Yellowstone supervolcano could erupt much sooner than previously thought

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Given that eruptions of supervolcanoes buried on our planet-and there are several-are thought to occur every 100,000 years or so, however, the likelihood of such an event during your lifetime is small, reports the New York Times. Depending on the size of the eruption, the volcano could cover major portions of the United States in risky ash, and the Earth's atmosphere would likely be filled with that same ash.

The minerals revealed changes in temperature and composition built up in only decades.

The last time Yellowstone erupted - 631,000 years ago - it shot out 1,000 cubic kilometres of rock and ash, choking the sky and creating a 72km-wide caldera that still exists today. "Until now, the magazine reported, geologists had thought it would take centuries for the supervolcano to make the transition".

The new findings come on the heels of a 2011 study that found that ground above the magma reservoir had bulged by about 10 inches (25cm) in seven years, National Geographic reported. Researchers believe that the last supervolcano woke up following the two fresh magma influxes that flowed in the caldera's reservoir. At that time, volcano expert Bob Smith, from the University of Utah said that it was an extraordinary uplift because it covered a very large area and the rates were very high.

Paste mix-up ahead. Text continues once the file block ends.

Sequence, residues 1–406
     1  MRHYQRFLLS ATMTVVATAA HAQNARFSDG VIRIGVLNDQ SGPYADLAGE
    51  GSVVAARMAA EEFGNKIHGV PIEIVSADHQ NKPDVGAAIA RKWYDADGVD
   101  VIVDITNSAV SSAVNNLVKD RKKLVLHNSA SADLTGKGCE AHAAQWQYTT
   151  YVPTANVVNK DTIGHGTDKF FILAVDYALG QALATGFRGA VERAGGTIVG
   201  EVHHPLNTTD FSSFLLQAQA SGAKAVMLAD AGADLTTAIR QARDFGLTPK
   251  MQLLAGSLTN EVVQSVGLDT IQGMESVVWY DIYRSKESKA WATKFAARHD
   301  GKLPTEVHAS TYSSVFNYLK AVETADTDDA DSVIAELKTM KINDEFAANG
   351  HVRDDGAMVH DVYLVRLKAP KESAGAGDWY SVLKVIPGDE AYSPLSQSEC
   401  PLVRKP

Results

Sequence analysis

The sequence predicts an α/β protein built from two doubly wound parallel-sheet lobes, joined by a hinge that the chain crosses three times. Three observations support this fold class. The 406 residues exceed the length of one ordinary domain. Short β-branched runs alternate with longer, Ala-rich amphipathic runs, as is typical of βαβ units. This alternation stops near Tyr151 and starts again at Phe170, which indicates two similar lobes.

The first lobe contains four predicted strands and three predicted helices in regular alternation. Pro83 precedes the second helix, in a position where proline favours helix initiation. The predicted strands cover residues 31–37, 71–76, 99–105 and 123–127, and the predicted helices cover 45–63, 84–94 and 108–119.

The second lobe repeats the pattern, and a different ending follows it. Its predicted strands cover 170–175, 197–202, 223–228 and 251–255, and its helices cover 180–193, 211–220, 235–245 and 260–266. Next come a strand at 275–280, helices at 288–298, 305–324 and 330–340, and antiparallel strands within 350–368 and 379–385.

Much like reading a set of tree rings, Shamloo and her team were able to record temperature and composition changes by analyzing crystals found beneath the earth's surface. Based on the new study, it seems the magma can rapidly refresh-making the volcano potentially explosive in the geologic blink of an eye. For its part, the U.S. Geological Survey puts the rough yearly odds of another massive Yellowstone blast at 1 in 730,000-about the same chance as a catastrophic asteroid collision.

"We expected that there might be processes happening over thousands of years preceding the eruption", said Till said in an interview with the New York Times. The pair also presented an earlier version of their study at a 2016 meeting of the American Geophysical Union.

Lead Image: Steam rises off the Grand Prismatic Spring, one of the most stunning hydrothermal features in Yellowstone National Park.

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